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‘Don’t give up the fight, life is your right’

Nick Snow’s young life was defined through a lyric from one of his heroes, Bob Marley.

In his famous revolutionary tune “Get Up, Stand Up,” Marley articulated the phrases the Nevada Union High School sophomore leaned on until he died in April from an intestinal infection after a 10-year bout with cancer.

Those lyrics were: “Don’t give up the fight, life is your right.”



From all accounts he did just that, taking his dream to get hospice care for disease-ridden children before they become terminal all the way to the halls of Washington, D.C. and Sacramento.

In the nation’s capitol, he spoke before a Senate subcommittee and lobbied Sens. Dianne Feinstein and Barbara Boxer. That did not result in federal law.




However, Assembly Bill 1745 with Nick’s message is now winding its way through the California legislature in hopes of passage. His mother, Shannon Snow, will speak before a health subcommittee for the bill in early June.

Before his family moved to the San Juan Ridge, Nick was diagnosed with neuroblastoma – a rare and generally fatal cancer – and eventually was told he would die. He received hospice care with a nurse, social worker, chaplain and others helping the family.

But to Nick, 16 years old when he died, that seemed odd.

In an article he wrote for Your Child’s Health, the magazine for the Children’s Hospice and Palliative Care Coalition, Nick explained why he thought youths with life-threatening diseases should get hospice-like care right away.

“It seems kind of strange that they would only come when I was ‘dying’ and not when my family and I really needed it most, like when I was going through all the hard (chemotherapy) treatment,” Nick wrote. “But when I decided that I felt better enough to try a new treatment, hospice couldn’t come anymore. That was hard on all of us – to lose support just because I wanted to try to live.”

Experimental treatments put Nick’s cancer into remission twice and normal hospice services on the sidelines.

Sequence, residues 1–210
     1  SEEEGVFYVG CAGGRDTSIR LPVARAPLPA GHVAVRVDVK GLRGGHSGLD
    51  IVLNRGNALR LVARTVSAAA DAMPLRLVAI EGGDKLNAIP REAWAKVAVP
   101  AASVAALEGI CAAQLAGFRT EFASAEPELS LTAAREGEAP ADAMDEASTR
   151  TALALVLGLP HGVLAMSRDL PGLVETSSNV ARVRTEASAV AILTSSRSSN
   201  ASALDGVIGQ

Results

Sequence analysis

“My big claim to fame is that I think I hold the world record for flunking hospice. I officially flunked hospice twice,” he wrote.

According to Nick’s mother, “He wanted children to have a hospice team at diagnosis so families can have a coordinator for insurance, appointments and information. It’s more gentle than bringing them in at the last minute.”

Unique individual

Nick Snow was not just a young man battling cancer. According to his friends, he was one of a kind.

Fellow cancer survivor and Nevada Union baseball player Billy McElwain said, “Nick was one of those people you just got a warm vibe from. He always had a positive outlook and he was going through immense pain (caused by cerebral palsy) but he never complained at all.”

McElwain said Nick was “tremendous at dancing and music,” and he won the NU Unplugged competition for his drumming accompanied by piano. “He won it before he passed.”

NU math teacher Sue Crockett said, “I’m the teacher, but he taught me that life is grand and worth the fight. He was one of those souls you only get to meet a couple times in your life.

“He was fighter about everything in a positive way,” Crockett said. “He came to school every day in pain. That’s what his life was all about ever since he was born, fighting pain and getting through things.”

NU student Tammy Coil created a shrine out of Nick’s locker, filling it with the Skittles candy he loved and other mementos. She is also selling T-shirts to get donations for the cancer researcher who is looking into neuroblastoma.

“I did it because I wanted people to know how great a person he was, and we don’t want to forget about him,” Coil said. “He was very different, always upbeat, and if he was having a bad day he didn’t let it get to him. I knew he was hurting, but other people thought he was just happy all the time.”

Coil and her friends will hold a car wash for the neuroblastoma researcher Saturday at the Shell station at the corner of East Main Street and Hughes Road in Grass Valley.

According to his mother, Nick’s second dream beyond the hospice changes was finding a cure for his cancer. That is why he found Dr. Pat Reynolds, the aforementioned neuroblastoma researcher who toils in a laboratory at Childrens Hospital Los Angeles.

The money Coil earns will go to Reynolds’ efforts, as will all proceeds from a CD Nick made along with his father, Shelby Snow, a professional bass player.

“It’s actually good,” Shelby Snow said. “It’s not just some child on a trap set. I’m going to do whatever I can do to keep Nick’s ideas going.”

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To contact senior staff writer Dave Moller, e-mail davem@theunion.com or call 477-4237.

Keeping Nick’s causes alive

Nick Snow had two dreams, to find a cure for the neuroblastoma he had, and to pass legislation to get hospice services for children before they are deemed terminal.

Nick created a CD of his music to sell so that people could donate to the Los Angeles based researcher looking into neuroblastoma.

You can send a $15 check or money order for a copy of it to: Snow, P.O. Box 2552, Nevada City, CA, 95959. All of that money will go to the research, as his family is picking up the costs of production and distribution.

You can also donate from 10 a.m. to 2 p.m. Saturday by getting your car washed by his friends at the Shell station at the corner of East Main Street and Hughes Road in Grass Valley.

To learn how to fight for the altered hospice law, log on to childrenshospice.org and click on the item in the purple box on the right that says “Take action for children.”

To learn more about Nick, log on to nicksnow.com.

– Dave Moller


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